Exemplary embodiments of the present invention relate to an efficient process for producing hydrogen (H2) and oxygen (O2) from water and sunlight. Exemplary embodiments relate to a green process involving only renewable resources e.g., water wherein H2 and O2 are recombined to form water. In accordance with an exemplary embodiment nano-particle catalyst powders 50 are used to split water molecules into H2 and O2 in the presence of sunlight wherein thermal activation is used to increase the desorption rate of the hydrogen from the catalyst surfaces. In accordance with an exemplary embodiment no electrodes, applied fields, ion or electron currents or intrinsic charge carrier densities are required in the water or particles in order to effect the thermal activation of the photocatalytic generation of the hydrogen.
  • [0013]
    In accordance with an exemplary embodiment nanoparticles are used to provide the photocatalytic generation of the hydrogen using thermal processes. Nanoparticles are particles with controlled dimensions on the order of nanometers. In accordance with an exemplary embodiment a photocatalytic decomposition of water is provided wherein the photoreaction is accelerated by the presence of a catalyst comprising nanoparticles.
  • [0014]
    Attempts for such a photocatalytic decomposition of water are shown in the graphs of FIG. 1. While encouraging, it is desirable to increase the efficiency of hydrogen generation. This would minimize the area of the earth's surface required to produce a given amount of hydrogen.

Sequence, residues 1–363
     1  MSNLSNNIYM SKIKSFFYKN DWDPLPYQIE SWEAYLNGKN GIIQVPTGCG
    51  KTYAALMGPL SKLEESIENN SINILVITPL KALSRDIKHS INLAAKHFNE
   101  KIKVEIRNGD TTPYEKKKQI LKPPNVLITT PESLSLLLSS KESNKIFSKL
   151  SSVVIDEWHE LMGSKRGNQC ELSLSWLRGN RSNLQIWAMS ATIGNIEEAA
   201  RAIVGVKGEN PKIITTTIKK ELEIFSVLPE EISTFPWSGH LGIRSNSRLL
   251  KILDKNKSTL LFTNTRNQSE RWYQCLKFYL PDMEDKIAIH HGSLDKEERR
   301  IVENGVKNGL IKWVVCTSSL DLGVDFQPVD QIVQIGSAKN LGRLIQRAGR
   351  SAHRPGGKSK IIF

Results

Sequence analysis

• [0015]
    In accordance with an exemplary embodiment of the present invention, simulations based in part on the principles of the processes illustrated in FIG. 1 were used to provide a method to substantially increase hydrogen generation efficiency. The simulation is based on a model of the process represented in FIGS. 2 and 3. In one non-limiting exemplary embodiment a catalyst of CuAlO2 is mixed with the water. The CuAlO2 catalyst is comprised of nanoparticles having a diameter of approximately 30 nm. Of course other suitable catalysts comprising nanoparticles are considered to be with the scope of exemplary embodiments of the present invention.
  • [0016]
    The water splitting process occurs of in two steps. In the first step and as illustrated in FIG. 2, H2O adsorbs on the catalyst CuAlO2 surface and dissociates thereby forming OH complexes around the Al site with a net energy lowering of 1.29 eV per H2O. This was computed by solving the Schrodinger Equation from first principles. Then H2O adsorbs on the Cu site with an energy lowering of 0.45 eV per H2O. In the second step and as illustrated in FIG. 3, H2 desorbs, O2 desorbs, and finally a water molecule adsorbs to complete the cycle.
  • [0017]
    It is clear from FIG. 3 that the rate-limiting step in H2 generation is the desorption rate of H2. Moreover, the energies shown in FIG. 3 are computed in absence of sunlight. Note in particular, the 2 eV desorption energy per H. One can see from FIG. 1 that in the dark the H2 generation is negligible. This can be understood from the following thermal desorption rate equation,